When ECD Lacrosse released the Mirage head, they knew they had a product that any goal scorer would benefit from. The head is a shooter's dream. But what about the guys who make a living by preventing goals? That's why ECD rounded out their offering in 2018 with the new Rebel line, which features a head designed specifically for offense and a meaty defensive head, thanks to feedback from ECD pros such as Michael Simon, Deemer Class and Ryan Drenner. Learn more about the new Rebel heads in the next installment of our Product Review series below.
The team at ECD sat down to design the Rebel heads with the goal of creating a family of heads that suited every position on the lacrosse field and played into the various strengths of those positions. That meant addressing the demands of an offensive player versus the demands of a defensive player.
"We wanted these heads to be the stick that any player could pick up and use – great groundballs, super consistent play, nice and stiff and durable," said Brian Schaaf, Director of Marketing for ECD. "And we wanted them to have a similar look, being the Rebel family, but we also wanted you to be able to tell they were very specifically designed for their position."
Few in MLL can offer more insight into the defensive aspect of the game than Outlaws D-man Michael Simon. A three-time All-Star who has played on four championship teams, Simon knows what it takes to play effective defense at the highest level. His input was crucial in the design of the defensive version of the Rebel.
“A lot of heads made specifically for defense are excessively wide," Simon said. "While the Rebel Defense is wider than the Rebel Offense, the channel is still narrow enough to allow me to feel confident with the ball in my stick.”
"[Simon] is a guy that can shoot the ball well over 100 miles per hour and if he can have a stick that allows him to bring the ball up the field more easily, he is a threat no matter where he is," said Schaaf. "He can shoot the outside shot and he can get inside and score. So, we wanted to create the defensive head that had a little bit of a tighter face shape to provide that control for him, so he could be that threat that he knows he can be."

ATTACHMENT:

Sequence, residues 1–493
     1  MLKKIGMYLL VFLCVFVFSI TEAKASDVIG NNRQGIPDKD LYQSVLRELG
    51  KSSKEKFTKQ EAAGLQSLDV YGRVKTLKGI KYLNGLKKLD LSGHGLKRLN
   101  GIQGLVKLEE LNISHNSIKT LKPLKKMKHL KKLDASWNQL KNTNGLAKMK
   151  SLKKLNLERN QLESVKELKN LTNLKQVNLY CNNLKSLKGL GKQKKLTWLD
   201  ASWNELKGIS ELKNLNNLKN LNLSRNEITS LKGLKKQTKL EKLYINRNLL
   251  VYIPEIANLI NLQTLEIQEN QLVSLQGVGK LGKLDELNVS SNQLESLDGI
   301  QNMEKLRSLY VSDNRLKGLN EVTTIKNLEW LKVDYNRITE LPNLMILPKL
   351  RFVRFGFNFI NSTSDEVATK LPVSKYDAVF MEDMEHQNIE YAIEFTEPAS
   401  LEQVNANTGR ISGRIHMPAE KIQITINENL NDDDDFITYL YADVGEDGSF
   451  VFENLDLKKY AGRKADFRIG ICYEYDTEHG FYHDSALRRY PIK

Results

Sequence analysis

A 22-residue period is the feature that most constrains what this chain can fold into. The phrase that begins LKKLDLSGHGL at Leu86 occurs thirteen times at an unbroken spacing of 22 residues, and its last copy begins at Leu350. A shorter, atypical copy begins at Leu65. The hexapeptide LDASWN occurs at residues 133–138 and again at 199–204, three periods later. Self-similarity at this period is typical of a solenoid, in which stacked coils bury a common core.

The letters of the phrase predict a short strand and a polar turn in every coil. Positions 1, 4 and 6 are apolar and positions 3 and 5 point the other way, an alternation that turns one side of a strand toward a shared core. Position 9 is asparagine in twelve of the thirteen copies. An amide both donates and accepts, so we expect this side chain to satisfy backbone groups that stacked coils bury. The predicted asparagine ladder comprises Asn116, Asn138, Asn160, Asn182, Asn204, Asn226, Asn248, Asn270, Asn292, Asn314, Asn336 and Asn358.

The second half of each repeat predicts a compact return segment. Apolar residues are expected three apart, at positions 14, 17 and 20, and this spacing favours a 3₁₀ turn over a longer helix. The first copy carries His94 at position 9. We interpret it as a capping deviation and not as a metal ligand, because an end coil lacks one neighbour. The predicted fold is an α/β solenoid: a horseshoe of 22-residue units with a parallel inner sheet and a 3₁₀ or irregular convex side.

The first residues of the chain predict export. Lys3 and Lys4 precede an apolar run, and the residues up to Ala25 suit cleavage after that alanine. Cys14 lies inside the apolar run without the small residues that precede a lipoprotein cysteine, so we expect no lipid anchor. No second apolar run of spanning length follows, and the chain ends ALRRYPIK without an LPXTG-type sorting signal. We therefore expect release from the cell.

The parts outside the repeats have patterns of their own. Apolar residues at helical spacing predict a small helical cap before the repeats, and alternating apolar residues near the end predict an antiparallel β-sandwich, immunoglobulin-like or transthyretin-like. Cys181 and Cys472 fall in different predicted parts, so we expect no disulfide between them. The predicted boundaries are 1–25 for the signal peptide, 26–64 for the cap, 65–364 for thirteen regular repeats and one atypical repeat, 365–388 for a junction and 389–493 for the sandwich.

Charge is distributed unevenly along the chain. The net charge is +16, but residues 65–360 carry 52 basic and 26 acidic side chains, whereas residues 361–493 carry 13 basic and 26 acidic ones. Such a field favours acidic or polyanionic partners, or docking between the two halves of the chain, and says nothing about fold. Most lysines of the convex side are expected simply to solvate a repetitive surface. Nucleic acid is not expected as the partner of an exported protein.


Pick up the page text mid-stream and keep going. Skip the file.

With the Florida Launch last season, Ryan Drenner quickly established himself as a capable scoring threat in just nine pro games, racking up 18 points. The former Towson standout is also known around the league as a skilled stringer and took a liking to the creative freedoms granted by the design of the Rebel.
“I really like the face shape of the Rebel Offense," Drenner said. "I feel like it suits the way I like to string my sticks. The flare of the head being more in the middle allows me to string a low pocket with a strong channel which leads to a consistent smooth release.
“The subtle texture on the back of the head is such an awesome feature. I like to tie my top string and sidewalls as tight as possible and that little bit of texture ensures all my knots are secure and won’t loosen after time.”
Crafting lacrosse heads in 2018 is markedly different than it was even a couple of years ago thanks to technology advances and the difference in materials available. ECD has taken advantage of the newly available technology and invested in their own 3D printer, allowing them to print models of their heads and receive instant feedback on the design. The models are run through a series of computer simulations that quantify all the features of the head and instantly determine how the head responds to typical use.
"We can 3D print all these models and have the pro players come in and they can say, 'Hey I really like what’s happening here, but I kind of wish it was doing this instead' and we can turn around and have a new 3D print 24 hours later with those updates," said Schaaf. "Just the speed of how these heads come together now, and the fact that there’s less guessing involved in what is going to be effective when the final product comes, it’s been pretty wild."